Los Alamos National Laboratory scientists and an international research team have announced discovery of molecular oxygen ions (O2+) in the upper-most atmosphere of Dione, one of the 62 known moons orbiting the ringed planet. The research appeared recently in Geophysical Research Letters and was made possible via instruments aboard NASA's Cassini spacecraft, which was launched in 1997.
Dione -- discovered in 1684 by astronomer Giovanni Cassini (after whom the spacecraft was named) -- orbits Saturn at roughly the same distance as our own moon orbits Earth. The tiny moon is a mere 700 miles wide and appears to be a thick, pockmarked layer of water ice surrounding a smaller rock core. As it orbits Saturn every 2.7 days, Dione is bombarded by charged particles (ions) emanating from Saturn's very strong magnetosphere. These ions slam into the surface of Dione, displacing molecular oxygen ions into Dione's thin atmosphere through a process called sputtering.
Molecular oxygen ions are then stripped from Dione's exosphere by Saturn's strong magnetosphere.
A sensor aboard the Cassini spacecraft called the Cassini Plasma Spectrometer (CAPS) detected the oxygen ions in Dione's wake during a flyby of the moon in 2010. Los Alamos researchers Robert Tokar and Michelle Thomsen noted the presence of the oxygen ions.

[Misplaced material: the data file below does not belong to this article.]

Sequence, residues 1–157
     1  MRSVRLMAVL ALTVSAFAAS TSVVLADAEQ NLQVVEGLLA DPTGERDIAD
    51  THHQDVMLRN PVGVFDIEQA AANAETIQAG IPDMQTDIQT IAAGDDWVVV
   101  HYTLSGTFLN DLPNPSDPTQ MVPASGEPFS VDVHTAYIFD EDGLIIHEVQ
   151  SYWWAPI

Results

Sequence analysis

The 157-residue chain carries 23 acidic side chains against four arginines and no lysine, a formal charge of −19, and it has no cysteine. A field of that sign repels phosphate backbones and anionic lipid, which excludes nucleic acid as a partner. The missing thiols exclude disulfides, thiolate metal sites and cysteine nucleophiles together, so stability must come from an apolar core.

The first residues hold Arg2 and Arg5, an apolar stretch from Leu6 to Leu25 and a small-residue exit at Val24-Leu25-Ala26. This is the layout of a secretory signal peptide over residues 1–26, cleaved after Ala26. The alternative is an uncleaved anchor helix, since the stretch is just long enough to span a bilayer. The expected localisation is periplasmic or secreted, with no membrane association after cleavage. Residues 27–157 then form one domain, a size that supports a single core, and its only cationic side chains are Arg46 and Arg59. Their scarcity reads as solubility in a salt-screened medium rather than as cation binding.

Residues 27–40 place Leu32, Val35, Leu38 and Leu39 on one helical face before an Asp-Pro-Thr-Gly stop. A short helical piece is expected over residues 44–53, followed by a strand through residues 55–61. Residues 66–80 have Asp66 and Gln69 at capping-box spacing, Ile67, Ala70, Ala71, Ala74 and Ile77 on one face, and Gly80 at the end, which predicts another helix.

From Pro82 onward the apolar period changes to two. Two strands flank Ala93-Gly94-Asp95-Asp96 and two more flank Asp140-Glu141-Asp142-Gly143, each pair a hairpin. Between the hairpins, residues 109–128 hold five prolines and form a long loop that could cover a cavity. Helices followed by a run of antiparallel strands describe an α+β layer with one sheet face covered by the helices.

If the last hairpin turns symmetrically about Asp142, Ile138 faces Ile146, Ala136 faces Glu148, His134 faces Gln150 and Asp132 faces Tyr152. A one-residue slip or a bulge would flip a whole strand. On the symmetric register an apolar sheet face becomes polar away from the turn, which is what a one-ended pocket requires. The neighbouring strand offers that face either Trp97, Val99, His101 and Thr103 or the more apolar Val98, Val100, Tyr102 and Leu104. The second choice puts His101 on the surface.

"The concentration of oxygen in Dione's atmosphere is roughly similar to what you would find in Earth's atmosphere at an altitude of about 300 miles," Tokar said. "It's not enough to sustain life, but -- together with similar observations of other moons around Saturn and Jupiter -- these are definitive examples of a process by which a lot of oxygen can be produced in icy celestial bodies that are bombarded by charged particles or photons from the Sun or whatever light source happens to be nearby."
Perhaps even more exciting is the possibility that on a moon with subsurface water, such as Jupiter's moon Europa, molecular oxygen could combine with carbon in subsurface lakes to form the building blocks of life. Future missions to Europa could help unravel questions about that moon's habitability.
Two sensors aboard Cassini built by Los Alamos National Laboratory are expected to come into play beginning later this month, and again in April and May, when the Cassini spacecraft flies by the moon Enceladus. The moon is one of the brightest objects in our solar system, reflecting back nearly all of the sunlight that strikes it, thanks to a shimmering surface of snowy ice crystals. The moon also unleashes plumes ofmaterial from its south polar region. Los Alamos' ion-beam spectrometer and ion-mass spectrometer may help answer key questions about the composition of these plumes.
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